For God so loved the world that he gave his only Son, so that everyone who believes in him
may not perish but may have eternal life.
--John 3:16 NRSV
This past Sunday I preached on John 3:14-21 and afterword several people told me the sermon was very meaningful to them. When I asked why, they said it was because of what I said about the nature of “belief” in John 3:16. What I said about the matter was a rather small point towards the end of the sermon, but this is not the first time the main thrust of one of my sermons turned out not to be the main thing people took away from it. I learned long ago that what people hear in my sermons may have little to do with what I thought I was trying to say. Usually this is because of something lacking on the preacher’s part, but sometimes I hope it has to do with God saying something through me to people and it seems like I had very little to do with the whole process. Perhaps that is what occurred Sunday.
What I said which seemed to provoke a meaningful response in people was more or less that I have learned that a person’s stated beliefs don’t seem to matter much when it comes to the way the believer lives their life. I’ve known atheists who absolutely did not believe in God but whom were more Christlike than the most devout Christians. Likewise, I have known ardent Christians with detailed theologies about God who acted in the most immoral and unloving ways. I’ve learned that beliefs as intellectual concepts count for little in actually transforming who a person is.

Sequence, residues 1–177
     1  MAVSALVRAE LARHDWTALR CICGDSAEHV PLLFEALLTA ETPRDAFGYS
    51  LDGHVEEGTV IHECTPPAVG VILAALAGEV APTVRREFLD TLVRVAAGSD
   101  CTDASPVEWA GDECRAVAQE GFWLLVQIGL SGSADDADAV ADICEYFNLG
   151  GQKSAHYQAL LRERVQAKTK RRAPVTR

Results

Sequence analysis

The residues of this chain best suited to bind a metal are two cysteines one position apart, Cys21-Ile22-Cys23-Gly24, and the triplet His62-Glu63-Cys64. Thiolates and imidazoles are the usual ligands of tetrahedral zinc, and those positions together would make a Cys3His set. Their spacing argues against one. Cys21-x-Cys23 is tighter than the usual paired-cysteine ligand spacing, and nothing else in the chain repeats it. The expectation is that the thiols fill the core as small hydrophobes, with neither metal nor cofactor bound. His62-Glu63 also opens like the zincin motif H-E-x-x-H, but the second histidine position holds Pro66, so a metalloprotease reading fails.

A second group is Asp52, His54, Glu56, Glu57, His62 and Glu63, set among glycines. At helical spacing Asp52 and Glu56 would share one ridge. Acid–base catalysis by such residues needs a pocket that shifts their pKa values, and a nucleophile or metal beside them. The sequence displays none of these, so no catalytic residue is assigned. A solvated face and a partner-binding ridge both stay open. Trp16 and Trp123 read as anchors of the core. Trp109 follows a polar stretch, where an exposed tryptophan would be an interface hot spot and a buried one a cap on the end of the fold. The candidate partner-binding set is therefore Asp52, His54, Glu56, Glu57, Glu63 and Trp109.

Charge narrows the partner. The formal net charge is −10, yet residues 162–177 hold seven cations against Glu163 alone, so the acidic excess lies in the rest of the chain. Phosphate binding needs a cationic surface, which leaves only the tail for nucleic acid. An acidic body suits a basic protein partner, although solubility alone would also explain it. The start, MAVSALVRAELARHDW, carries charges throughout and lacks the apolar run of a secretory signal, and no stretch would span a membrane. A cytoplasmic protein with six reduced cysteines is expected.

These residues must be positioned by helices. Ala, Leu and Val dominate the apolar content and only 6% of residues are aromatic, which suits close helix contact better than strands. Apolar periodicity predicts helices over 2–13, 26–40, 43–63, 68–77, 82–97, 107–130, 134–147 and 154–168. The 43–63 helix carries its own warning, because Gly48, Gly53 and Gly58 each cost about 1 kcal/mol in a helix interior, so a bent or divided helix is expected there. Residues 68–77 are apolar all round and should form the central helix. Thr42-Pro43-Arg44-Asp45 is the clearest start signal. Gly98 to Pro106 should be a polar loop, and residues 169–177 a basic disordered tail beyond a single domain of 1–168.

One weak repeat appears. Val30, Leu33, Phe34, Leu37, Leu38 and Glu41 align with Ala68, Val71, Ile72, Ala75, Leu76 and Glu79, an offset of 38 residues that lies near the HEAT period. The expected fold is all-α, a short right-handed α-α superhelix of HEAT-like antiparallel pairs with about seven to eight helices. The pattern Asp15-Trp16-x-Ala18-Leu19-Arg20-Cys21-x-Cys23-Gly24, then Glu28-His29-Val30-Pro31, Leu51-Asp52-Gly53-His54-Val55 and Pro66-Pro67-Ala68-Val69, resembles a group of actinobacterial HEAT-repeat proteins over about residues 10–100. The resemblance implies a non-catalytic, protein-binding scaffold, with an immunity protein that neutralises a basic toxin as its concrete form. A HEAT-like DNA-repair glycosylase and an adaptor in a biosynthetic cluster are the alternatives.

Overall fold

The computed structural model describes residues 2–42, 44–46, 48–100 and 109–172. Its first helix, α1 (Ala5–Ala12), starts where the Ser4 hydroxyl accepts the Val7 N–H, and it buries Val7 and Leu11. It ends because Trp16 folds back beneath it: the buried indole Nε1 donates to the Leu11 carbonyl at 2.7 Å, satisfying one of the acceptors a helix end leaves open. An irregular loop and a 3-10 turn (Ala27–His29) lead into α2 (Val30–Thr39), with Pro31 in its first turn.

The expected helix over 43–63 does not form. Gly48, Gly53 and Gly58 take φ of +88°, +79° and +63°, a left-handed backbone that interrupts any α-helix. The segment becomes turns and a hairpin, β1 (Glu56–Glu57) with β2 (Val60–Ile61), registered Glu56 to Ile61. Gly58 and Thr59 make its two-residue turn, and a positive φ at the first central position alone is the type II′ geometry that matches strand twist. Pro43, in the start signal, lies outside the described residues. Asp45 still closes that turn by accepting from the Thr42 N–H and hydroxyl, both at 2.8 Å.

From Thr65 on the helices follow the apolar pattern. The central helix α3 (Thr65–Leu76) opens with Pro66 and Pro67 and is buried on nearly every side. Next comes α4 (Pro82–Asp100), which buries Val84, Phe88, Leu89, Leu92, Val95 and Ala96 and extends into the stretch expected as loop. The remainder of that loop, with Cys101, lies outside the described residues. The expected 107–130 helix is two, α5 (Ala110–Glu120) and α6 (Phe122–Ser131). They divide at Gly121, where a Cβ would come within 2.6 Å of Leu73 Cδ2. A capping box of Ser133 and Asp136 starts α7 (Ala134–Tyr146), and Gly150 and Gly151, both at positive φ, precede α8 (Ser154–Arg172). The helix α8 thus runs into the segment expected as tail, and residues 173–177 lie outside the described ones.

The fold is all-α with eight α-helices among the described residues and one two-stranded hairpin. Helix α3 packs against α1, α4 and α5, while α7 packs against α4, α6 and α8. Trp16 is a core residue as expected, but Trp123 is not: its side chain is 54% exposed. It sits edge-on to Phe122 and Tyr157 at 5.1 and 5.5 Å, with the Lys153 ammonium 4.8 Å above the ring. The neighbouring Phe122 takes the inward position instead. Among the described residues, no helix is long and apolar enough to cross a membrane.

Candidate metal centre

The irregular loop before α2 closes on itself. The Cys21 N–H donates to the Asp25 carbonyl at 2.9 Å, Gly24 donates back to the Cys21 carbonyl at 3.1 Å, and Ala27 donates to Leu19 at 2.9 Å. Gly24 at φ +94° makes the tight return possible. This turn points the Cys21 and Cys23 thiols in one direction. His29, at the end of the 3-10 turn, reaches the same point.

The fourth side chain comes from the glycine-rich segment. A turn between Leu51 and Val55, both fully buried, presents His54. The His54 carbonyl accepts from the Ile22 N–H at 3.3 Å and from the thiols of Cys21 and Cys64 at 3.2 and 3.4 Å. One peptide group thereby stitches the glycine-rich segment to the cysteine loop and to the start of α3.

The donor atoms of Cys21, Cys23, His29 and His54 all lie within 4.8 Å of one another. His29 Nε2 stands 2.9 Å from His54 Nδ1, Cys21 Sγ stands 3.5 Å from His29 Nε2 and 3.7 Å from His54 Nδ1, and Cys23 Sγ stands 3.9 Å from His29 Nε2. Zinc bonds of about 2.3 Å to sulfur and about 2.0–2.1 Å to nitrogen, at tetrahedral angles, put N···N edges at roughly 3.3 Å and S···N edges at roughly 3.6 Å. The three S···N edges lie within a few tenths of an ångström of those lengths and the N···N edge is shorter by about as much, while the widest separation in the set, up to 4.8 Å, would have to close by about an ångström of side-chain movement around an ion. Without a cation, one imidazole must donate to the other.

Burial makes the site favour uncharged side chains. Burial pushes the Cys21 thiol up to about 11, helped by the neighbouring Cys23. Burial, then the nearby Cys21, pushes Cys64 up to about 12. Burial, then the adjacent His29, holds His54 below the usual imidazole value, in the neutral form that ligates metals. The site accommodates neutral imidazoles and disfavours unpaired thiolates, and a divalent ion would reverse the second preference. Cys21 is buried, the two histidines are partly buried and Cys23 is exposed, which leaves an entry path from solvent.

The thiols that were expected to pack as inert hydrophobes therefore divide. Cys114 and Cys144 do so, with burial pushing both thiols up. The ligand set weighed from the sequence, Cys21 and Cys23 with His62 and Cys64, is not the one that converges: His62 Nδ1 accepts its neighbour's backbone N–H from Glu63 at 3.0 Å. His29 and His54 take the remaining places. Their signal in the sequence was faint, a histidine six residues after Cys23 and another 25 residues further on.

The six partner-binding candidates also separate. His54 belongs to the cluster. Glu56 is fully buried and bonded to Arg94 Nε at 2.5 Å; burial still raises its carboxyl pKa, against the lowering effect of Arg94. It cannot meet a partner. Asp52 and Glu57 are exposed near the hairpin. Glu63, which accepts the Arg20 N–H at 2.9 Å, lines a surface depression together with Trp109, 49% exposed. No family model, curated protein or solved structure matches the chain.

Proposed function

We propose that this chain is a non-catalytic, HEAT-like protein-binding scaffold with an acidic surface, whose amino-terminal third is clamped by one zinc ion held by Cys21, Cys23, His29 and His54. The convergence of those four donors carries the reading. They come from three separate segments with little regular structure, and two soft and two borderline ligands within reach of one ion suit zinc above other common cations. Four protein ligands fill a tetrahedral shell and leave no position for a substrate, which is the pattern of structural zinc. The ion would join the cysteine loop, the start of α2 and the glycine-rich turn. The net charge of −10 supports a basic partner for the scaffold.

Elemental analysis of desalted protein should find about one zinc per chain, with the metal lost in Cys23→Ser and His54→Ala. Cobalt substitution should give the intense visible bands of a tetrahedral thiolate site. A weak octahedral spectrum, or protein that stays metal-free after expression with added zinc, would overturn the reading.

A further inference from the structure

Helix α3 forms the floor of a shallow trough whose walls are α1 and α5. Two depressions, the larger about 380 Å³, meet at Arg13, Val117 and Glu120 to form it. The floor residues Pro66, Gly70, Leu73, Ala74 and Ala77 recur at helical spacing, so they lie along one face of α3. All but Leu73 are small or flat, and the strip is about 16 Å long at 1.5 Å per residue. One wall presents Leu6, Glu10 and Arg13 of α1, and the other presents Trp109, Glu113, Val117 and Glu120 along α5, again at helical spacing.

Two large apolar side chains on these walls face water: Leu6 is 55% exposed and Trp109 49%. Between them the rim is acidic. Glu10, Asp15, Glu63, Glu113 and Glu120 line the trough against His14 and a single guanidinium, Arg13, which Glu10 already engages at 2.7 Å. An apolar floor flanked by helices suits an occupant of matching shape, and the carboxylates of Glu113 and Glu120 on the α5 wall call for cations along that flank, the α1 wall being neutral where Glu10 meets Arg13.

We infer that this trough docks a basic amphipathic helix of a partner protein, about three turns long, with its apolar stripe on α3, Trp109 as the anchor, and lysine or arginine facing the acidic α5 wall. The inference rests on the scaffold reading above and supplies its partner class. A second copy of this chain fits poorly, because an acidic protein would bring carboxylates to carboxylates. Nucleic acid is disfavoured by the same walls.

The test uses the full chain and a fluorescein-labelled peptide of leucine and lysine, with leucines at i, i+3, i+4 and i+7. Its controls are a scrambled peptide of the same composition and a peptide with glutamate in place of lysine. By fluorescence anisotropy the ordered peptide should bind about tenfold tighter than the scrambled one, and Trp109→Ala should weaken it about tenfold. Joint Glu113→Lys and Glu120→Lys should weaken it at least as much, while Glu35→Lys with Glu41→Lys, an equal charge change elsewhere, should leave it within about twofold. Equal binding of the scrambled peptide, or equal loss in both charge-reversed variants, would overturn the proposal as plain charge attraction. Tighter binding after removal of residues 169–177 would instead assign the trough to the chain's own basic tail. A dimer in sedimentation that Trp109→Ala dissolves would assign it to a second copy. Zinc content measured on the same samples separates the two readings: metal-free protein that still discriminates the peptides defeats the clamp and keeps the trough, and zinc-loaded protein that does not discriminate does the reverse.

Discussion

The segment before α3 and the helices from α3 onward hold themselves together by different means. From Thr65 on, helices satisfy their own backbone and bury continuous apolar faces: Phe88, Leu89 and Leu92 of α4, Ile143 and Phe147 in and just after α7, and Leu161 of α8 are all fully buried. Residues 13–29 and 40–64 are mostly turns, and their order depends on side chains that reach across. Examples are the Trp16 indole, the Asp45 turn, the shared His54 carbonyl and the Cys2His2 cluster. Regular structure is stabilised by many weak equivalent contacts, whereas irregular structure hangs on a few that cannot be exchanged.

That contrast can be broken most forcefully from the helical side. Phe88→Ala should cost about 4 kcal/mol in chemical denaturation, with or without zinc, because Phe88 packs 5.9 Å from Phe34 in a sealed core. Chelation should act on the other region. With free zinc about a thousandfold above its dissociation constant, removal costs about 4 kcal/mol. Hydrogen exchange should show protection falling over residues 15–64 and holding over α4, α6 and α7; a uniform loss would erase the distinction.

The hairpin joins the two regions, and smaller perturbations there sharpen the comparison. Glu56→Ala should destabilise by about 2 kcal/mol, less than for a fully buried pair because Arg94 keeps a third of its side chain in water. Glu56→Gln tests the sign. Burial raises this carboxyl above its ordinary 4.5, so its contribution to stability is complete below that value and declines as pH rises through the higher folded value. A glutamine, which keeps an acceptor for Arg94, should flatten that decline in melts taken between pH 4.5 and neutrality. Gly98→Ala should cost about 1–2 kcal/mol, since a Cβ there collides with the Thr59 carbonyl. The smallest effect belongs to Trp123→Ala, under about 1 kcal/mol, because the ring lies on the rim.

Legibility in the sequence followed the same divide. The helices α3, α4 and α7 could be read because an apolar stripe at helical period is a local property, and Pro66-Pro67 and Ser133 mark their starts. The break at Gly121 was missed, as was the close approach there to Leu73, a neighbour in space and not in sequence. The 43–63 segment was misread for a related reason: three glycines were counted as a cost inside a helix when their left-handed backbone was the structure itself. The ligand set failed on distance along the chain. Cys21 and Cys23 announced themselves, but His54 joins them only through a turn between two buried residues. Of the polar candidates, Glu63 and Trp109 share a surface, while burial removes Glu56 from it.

When “belief” is understood more as trusting in someone or something, then we get down to brass tacks about who a person is and how they live. What you trust in determines who you are and what you do. I can’t tell you the number of times I’ve sat in meetings with people who claimed to be devout Christians but only trusted in the black and white numbers of an income/expense statement. They had no real trust in God to change anything about their situation or anyone involved in it. It’s no wonder churches are dying by the day; most of them are filled with functional atheists who don’t really trust God can or will do anything.
When Jesus says to Nicodemus in John 3, “For God so loved the world that he gave his only Son, so that everyone who believes in him may not perish but may have eternal life,” he is not saying you must give intellectual assent to the concept of Jesus Christ according to a particular denomination, creed or system of theology. Instead, he is saying something like, “whoever believes in/trust in/is willing to bet their life and all that matters on the Son and the God who sent him will have a different kind of life starting right at that moment of trust.” That’s right, the Jesus of John 3 isn’t talking about a ticket out of Hell when you die, but rather a different experience of life starting right now that never ends. Your life and the quality of it depends on whom and/or what you believe in/trust.
I didn’t come up with this way of thinking. Plenty of people smarter and more articulate than I have written as much—below you will find a few of them.
Grace and Peace,
Rev. Chase Peeples
“To have faith does not primarily mean believing something, but rather believing in someone. Faith is trust. It takes courage to trust. The opposite of faith is not disbelief, but distrust, fear. Fear makes us cling to anything within reach. Fear clings even to beliefs… Faith is the courage to respond gratefully to every given situation, out of trust in the Giver.”